September 18, 2007:
Australia just buried its last fighter pilot to have shot down an enemy
aircraft. George Hale was 22 years old when he was sent to Korea, to serve with
an Australian fighter squadron. In March, 1953, while flying a British built
Meteor jet, he shot down a MiG-15.
Australia isn't alone in
finding itself with a shortage of combat experienced pilots. Fighter pilots who
have shot down an enemy aircraft are a rapidly shrinking community. There are
two reasons for this. First, nuclear weapons have made wars between large
nations (that can afford to maintain large numbers of jet fighters) rare.
That's one aspect of nuclear weapons that is rarely discussed, but is sort of a
silver lining for an otherwise radioactive and cloudy subject.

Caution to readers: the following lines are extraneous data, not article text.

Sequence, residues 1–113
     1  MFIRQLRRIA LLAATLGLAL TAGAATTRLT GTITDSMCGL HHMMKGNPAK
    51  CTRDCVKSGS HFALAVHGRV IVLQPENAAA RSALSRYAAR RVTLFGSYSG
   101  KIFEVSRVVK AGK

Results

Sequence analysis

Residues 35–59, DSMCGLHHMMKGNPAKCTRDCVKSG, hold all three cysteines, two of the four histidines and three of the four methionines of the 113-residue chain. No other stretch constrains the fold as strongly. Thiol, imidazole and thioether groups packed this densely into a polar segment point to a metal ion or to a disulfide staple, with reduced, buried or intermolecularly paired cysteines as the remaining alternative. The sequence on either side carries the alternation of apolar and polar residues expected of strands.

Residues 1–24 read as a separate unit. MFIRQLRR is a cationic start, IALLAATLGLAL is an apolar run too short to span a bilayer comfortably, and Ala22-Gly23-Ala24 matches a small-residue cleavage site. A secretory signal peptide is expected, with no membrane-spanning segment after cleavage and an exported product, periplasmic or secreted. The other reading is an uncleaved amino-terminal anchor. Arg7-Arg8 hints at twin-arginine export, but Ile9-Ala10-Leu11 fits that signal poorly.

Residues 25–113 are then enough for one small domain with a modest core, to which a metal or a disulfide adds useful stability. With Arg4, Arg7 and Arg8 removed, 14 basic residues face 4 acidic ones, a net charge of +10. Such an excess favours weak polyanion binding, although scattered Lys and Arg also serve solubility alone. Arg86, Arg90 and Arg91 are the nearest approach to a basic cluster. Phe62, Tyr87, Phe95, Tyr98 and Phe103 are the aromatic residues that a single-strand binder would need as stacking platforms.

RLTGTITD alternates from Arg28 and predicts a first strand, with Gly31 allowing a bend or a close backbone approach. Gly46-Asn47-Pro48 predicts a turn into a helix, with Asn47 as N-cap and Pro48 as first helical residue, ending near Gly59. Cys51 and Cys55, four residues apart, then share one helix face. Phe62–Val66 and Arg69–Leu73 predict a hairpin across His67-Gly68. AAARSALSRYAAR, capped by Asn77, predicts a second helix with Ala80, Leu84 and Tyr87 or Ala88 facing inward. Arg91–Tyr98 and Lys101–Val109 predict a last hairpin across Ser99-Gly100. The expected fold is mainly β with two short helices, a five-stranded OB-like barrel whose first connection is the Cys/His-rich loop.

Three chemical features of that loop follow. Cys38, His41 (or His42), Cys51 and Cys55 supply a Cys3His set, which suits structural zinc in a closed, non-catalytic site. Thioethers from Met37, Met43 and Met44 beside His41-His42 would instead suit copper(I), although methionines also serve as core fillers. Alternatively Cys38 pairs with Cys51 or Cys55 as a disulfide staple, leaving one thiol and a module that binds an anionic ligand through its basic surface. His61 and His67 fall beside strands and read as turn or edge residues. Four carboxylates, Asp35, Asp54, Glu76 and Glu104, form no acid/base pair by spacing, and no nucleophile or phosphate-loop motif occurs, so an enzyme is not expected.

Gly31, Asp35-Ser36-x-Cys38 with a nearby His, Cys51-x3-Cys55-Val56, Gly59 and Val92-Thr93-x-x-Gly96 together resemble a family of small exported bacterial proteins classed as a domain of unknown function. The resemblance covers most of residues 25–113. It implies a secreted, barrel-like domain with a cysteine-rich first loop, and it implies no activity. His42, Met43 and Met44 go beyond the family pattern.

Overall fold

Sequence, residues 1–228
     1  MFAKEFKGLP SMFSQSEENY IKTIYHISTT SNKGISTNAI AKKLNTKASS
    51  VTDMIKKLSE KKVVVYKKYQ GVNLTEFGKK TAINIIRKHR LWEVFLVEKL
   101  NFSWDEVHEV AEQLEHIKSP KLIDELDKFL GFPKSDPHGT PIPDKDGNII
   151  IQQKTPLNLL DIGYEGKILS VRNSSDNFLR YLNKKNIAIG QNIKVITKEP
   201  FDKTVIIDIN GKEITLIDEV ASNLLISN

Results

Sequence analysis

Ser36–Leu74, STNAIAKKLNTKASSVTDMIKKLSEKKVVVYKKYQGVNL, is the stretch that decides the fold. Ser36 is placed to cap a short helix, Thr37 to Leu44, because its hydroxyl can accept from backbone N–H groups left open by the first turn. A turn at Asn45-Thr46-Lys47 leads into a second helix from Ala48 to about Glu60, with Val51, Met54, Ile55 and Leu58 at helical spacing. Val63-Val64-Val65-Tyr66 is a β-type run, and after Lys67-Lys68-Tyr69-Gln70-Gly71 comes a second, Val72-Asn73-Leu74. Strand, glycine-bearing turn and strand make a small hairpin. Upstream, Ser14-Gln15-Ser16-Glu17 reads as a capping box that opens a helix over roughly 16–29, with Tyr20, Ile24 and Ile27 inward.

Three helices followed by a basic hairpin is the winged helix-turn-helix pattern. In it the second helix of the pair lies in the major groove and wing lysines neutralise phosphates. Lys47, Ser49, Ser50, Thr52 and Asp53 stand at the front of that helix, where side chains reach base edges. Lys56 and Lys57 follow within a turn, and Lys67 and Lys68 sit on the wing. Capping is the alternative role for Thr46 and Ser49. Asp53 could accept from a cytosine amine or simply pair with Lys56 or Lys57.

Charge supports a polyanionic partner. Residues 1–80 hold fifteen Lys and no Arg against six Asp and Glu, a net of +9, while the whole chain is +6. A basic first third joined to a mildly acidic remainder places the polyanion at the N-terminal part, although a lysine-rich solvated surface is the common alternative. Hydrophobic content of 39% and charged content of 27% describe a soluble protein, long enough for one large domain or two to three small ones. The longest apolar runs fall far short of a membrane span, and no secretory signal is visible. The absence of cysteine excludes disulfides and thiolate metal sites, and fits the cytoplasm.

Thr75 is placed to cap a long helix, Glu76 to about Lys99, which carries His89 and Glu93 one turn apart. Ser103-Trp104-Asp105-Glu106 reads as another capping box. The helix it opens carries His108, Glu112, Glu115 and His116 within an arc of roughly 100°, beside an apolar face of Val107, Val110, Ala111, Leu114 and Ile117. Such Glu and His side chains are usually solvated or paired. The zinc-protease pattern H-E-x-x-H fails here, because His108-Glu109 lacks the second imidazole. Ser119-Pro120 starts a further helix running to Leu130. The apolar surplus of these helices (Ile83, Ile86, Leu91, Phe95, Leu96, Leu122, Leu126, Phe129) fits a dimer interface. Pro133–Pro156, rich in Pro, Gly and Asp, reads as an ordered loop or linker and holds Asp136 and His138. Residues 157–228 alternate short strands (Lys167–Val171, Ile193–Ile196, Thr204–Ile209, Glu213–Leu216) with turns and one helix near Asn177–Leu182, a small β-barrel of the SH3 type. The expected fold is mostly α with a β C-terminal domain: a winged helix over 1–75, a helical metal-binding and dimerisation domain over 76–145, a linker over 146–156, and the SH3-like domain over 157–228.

The second reason is the
dominance of U.S. combat aviation over the last six decades. That gets taken
for granted as well. Since the middle of World War II, the U.S. Air Force and
Navy have dominated any aerial battlefield they have entered. That domination
has resulted in fewer air battles. The enemy is either destroyed on the ground,
or refuses to fight. Thus there are no more aces (those who have shot down five
or more aircraft) on active duty in the United States, or anywhere else. That's
been a trend for decades, and in a few more decades, there will be no more
living aces at all. Well, maybe not, but eventually that will be the case.
That's because pilotless combat aircraft are becoming more and more common, and
capable. The first of these, the cruise missile, is already over half a century
old. But recent developments in electronics (cheaper and more powerful) and
software (able to do more, and do it more quickly) has made it likely that
future fighter aces will be robots.